One of the most attractive options for seniors who needed a large lump of cash was the standard fixed rate Home Equity Conversion Mortgage Loan (HECM) offered by the Federal Housing Administration (FHA). This type of reverse mortgage was designed to help senior home owners who are in need of a large sum of money especially for things like medical bills.
This type of loan, sometimes in the hundreds of thousands of dollars, is responsible for most defaults associated with reverse mortgages, so the Federal Housing Administration will no longer allow senior borrowers to get a fixed rate on HECM reverse mortgages. The only reverse mortgage loan that will come with a fixed-rate option is the HECM Saver loan, which has a much lower borrowing limit than the standard HECM loan.
What is the Home Equity Conversion Mortgage?
The Home Equity Conversion Mortgage is a type of reverse mortgage insured by the Federal Housing Administration. The HECM reverse mortgage allows senior home owners over the age of 62 to convert the equity in their property to cash. Factors that affect the size of the loan are the borrower’s age and the appraised value of the home.
Unlike conventional loans, which have strict lending requirements, HECM loans are given out without a credit check, and the money doesn’t have to be paid back until the home is sold or the owner dies.
Why Was a Change in Reverse Mortgages Necessary?
The large increase of reverse mortgage defaults has determined the Federal Housing Administration to stop giving out fixed-rate standard HECM loans. Back in 2012, 10 percent of the mortgages insured by the FHA were in default, an 8 percent increase over a decade ago. The FHA is looking at an estimated loss of $2.8 billion, which may force them to ask for a bailout from the federal government.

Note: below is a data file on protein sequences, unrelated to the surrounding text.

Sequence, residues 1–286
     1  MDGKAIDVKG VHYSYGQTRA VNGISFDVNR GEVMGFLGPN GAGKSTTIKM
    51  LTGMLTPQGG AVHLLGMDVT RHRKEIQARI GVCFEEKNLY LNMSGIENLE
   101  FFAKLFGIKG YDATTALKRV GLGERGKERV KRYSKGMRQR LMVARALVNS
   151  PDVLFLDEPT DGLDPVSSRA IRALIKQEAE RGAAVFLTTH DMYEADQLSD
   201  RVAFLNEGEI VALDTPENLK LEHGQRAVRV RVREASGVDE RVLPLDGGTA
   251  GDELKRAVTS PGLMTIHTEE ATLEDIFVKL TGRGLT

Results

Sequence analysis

Reverse mortgages are great for seniors who need quick access to money for medical bills, but sometimes these loans are as high as a few hundred thousand dollars. Borrowers end up spending the whole amount too soon and defaulting, or not having enough money to pay for their property taxes and homeowners insurance.
Reverse mortgages are not for everyone. Seniors who don’t have access to cash, but live in an expensive home can better take advantage of this type of loan. However, reverse mortgages come with high closing fees and high interest rates, so they shouldn’t be your first choice even if you easily qualify. Many seniors took out a reverse mortgage loan because it seemed attractive, but ended up in default because of poor money management and not paying close attention to all that this type of mortgage loan entails.
Reverse mortgages have always been a great choice for a certain type of borrower. Now, with the change to interest rates, they will most likely decrease in popularity. Before going this route, you should look into a conventional loan first, make a careful comparison between your options, making sure that you don’t end up defaulting and having to give up your home.